TEXAS DEPARTMENT OF FAMILY AND PROTECTIVE SERVICES v. HOWARD

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Court of Appeals of Texas,Dallas.

TEXAS DEPARTMENT OF FAMILY AND PROTECTIVE SERVICES, Appellant v. Carlotta HOWARD, Appellee.

No. 05–13–00817–CV.

Decided: April 15, 2014

Before Justices FITZGERALD, FRANCIS, and MYERS. MAdeleine Bullard Connor, for Texas Department of Family and Protective Services. Colin Walsh, for Carlotta Howard.

OPINION

The Texas Department of Family and Protective Services appeals the trial court's order denying its plea to the jurisdiction to the claims of unlawful employment practices brought by Carlotta Howard. The Department brings one issue contending the trial court erred by denying the plea to the jurisdiction because Howard did not create a fact issue on her prima facie disability claim. We reverse the trial court's order denying the plea to the jurisdiction in part and affirm it in part.

BACKGROUND

Howard began working for the Department on July 30, 2007 as a Human Services Tech III, a case aide. Howard's tasks included transporting children, visiting with families, delivering Christmas toys, and administrative assistant work. The administrative work included observing and taking notes during parents' visitations with their children. Most of Howard's work involved driving.

On December 16, 2008, Howard was delivering Christmas presents as part of her job when her car was struck on the driver's side by a truck that failed to stop at an intersection. Howard was taken by ambulance to the hospital and was released after several hours. Howard's injuries in the accident included a severely bruised collarbone, bruises to vertebrae, injuries to the ligaments in both arms, cervicothoracic sprain, lumbosacral dorsal sprain, herniated nucleus pulposus, and bilateral lumbar radiculitis. Howard also suffered from anxiety and depression due to the pain.

At the time of the accident, Howard had 123 hours of sick leave and 72 hours of annual leave. Howard filed an application for workers' compensation benefits. She elected to use only her sick leave and none of her annual leave for her lost time due to her injuries. Howard's sick leave was exhausted in mid-January 2009. Howard was placed on leave under the Family & Medical Leave Act (FMLA) from April 20 to July 25, 2009.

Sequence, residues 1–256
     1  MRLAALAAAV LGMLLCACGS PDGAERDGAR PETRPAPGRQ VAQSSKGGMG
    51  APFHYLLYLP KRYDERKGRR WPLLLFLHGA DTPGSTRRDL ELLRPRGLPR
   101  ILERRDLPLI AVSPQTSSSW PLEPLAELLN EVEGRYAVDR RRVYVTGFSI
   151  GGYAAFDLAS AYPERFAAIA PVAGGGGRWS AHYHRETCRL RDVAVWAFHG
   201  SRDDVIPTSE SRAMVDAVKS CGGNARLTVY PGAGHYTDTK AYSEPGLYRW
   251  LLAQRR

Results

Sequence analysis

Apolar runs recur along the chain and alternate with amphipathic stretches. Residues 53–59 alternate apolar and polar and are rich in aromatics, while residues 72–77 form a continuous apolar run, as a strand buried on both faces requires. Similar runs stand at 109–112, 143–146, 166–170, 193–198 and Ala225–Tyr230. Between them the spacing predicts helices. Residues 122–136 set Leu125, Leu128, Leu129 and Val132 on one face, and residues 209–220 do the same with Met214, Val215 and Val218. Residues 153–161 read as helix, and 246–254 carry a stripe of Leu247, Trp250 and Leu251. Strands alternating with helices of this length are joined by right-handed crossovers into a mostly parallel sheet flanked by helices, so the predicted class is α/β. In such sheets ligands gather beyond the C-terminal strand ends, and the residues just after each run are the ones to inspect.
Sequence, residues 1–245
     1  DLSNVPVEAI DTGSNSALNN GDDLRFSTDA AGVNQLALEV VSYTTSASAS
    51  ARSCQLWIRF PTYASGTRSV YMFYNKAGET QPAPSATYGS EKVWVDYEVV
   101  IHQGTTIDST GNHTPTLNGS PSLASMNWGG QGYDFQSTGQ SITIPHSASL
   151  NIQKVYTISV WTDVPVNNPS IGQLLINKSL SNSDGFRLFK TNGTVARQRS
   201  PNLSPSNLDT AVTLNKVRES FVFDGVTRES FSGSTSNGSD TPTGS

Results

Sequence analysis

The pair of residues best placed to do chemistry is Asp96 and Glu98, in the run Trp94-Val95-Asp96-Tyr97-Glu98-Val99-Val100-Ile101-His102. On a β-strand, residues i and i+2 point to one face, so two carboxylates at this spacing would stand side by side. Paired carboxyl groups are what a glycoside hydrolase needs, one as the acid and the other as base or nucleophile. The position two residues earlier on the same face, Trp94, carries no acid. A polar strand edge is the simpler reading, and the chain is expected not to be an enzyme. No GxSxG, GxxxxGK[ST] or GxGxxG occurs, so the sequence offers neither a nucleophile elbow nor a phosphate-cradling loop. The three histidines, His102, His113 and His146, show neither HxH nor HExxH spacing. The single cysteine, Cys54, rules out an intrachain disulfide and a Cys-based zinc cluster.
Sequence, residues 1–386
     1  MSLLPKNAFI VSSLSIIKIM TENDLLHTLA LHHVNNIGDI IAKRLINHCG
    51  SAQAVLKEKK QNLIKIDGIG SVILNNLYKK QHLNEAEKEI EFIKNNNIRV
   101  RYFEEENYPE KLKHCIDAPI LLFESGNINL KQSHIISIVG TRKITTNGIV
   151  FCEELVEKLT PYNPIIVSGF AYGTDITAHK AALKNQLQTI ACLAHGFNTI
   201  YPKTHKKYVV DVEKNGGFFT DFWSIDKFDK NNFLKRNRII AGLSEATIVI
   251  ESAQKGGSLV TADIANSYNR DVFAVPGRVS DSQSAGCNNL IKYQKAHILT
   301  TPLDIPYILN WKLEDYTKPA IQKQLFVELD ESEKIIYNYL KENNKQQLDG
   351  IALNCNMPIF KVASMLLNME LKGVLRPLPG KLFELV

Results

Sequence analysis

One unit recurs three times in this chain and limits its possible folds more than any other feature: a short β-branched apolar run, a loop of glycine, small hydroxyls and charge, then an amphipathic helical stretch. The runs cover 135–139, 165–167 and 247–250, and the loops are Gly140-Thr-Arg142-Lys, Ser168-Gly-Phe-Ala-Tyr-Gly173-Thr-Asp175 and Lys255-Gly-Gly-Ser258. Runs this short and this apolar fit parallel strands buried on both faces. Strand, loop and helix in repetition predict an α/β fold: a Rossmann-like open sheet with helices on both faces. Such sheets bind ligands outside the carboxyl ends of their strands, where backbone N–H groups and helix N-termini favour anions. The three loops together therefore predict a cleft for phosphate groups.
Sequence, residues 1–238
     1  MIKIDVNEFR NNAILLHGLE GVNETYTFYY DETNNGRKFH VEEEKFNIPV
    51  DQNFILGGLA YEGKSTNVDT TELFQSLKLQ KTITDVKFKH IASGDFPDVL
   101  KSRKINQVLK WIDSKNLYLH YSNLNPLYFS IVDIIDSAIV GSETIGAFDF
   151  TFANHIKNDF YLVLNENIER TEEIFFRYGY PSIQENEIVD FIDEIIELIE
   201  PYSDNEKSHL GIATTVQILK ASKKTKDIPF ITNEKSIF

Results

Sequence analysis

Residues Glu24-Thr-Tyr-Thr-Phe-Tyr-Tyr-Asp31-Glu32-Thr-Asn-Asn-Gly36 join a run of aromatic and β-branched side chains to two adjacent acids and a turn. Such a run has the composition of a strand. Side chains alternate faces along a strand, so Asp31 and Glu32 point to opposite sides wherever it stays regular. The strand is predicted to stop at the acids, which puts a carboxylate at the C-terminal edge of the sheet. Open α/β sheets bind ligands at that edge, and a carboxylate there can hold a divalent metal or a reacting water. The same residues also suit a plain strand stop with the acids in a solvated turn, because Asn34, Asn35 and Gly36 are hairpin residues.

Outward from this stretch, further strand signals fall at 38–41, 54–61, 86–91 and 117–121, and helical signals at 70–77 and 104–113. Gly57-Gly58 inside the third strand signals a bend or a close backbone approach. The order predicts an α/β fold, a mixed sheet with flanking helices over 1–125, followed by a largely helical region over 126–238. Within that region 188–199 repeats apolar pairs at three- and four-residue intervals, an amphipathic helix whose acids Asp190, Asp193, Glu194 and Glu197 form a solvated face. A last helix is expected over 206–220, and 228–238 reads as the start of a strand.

Shortly after Howard's accident, while she was at home recuperating, the Department reorganized its assignment of case aides, and appellant was transferred to a different unit of the Department supervised by Nicole Ogle. Ogle was on maternity leave at the time of Howard's accident and the reorganization. When Ogle returned to work in February 2009,1 she learned that Howard had been transferred to her unit and was on workers' compensation leave. Ogle contacted Howard to find out when she would return to work, and Howard said that determination was up to her doctor. Howard later sent Ogle a work status report, which stated that Howard's condition would continue until April. In April, Ogle again contacted Howard, who said she could not return to work due to back pain. Howard's doctor sent a Return to Work Certificate to Ogle stating that Howard could not return to work until further notice and that Howard's next appointment was May 6. In late May, Ogle tried to contact Howard's doctor, but the doctor did not return Ogle's phone calls. Ogle called Howard, who said she had blurry vision due to her medications and was still suffering back spasms. In July, Ogle again contacted Howard, who stated she was unable to return to work.